Figuring Out Where to Go From Here

Route 66During the past three years, ever since the death of my life mate/soul mate I’ve been trying to figure out where to go from here. Currently I am taking care of my 96-year-old father, but someday this responsibility will come to an end, and I will have to find somewhere to live.

Or do I?

By nature, I am a quasi-hermit who easily settles into routines, and now that I am alone, that very nature could become a problem. Unless I do something to prevent stagnation, years from now I could end up being one of those forgotten old women, living behind closed curtains in a dingy apartment. Doesn’t seem like a healthy way to live, but to be honest, I’m not interested in another long-term committed relationship, either. Still, there is a world of opportunity between those two extremes.

When I met the man I was to spend thirty-four years of my life with, I become the most spontaneous I’d ever been. His being in the world made it seem as if the world were full of possibilities, and I grabbed hold of life with both hands and ran with it. Years later, as he got sicker and life took its toll on our finances, the possibilities shrank. Our lives became staid and minutely planned to take his infirmities into consideration. He told me once he regretted that the constraints of our life destroyed my spontaneity, and he was sorry to be the cause of it.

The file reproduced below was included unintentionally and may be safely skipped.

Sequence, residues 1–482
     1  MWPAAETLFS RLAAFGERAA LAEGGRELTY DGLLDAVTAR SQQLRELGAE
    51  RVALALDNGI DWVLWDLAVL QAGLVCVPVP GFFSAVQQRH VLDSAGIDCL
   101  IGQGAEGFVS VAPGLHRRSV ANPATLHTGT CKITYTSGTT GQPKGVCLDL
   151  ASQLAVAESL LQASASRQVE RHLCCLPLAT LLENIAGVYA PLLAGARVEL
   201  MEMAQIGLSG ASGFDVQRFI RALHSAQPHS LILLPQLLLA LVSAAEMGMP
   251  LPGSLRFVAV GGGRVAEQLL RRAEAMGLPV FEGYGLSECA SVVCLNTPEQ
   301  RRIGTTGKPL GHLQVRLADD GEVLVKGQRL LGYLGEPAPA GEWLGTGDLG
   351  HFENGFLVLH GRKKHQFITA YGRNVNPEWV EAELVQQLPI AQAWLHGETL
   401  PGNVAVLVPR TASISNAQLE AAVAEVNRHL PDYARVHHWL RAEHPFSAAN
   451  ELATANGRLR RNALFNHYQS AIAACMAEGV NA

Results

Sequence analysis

It’s not something I like to face, but the last years, and especially the last months of his life were terrible for both of us. And, something I like to face even less is that his death set me free. The best way to honor my mate’s life and his great gift of freedom is to take back the thing he thought he stole from me. So, to that end, I’m considering becoming a wanderer, living by wit and whim, at least for a while.

When I mentioned this idea to one of my grief-group friends, she said she’d love to be able to live such a life, and she’d do it in a flash if she had a couple of hundred thousand dollars.

Two hundred thousand dollars? Would it really take so much? I hope not, because I don’t have that kind of money — or any kind at all, to be honest — and unless my books became a belated overnight sensation, I have no way of getting it. On the other hand, if I don’t have rent or a mortgage to deal with, if I don’t have utility bills and other standard expenses every month, if I don’t drive all day using up tankfuls of gas but take short jaunts from place to place, then all I’d have to deal with is motels and food, and I might be able to swing that for a few months. I might even be able to find ways of extending the wandering, such as staying with friends and relatives for a few days, or perhaps even try some sort of crowd-funding such as Kickstarter.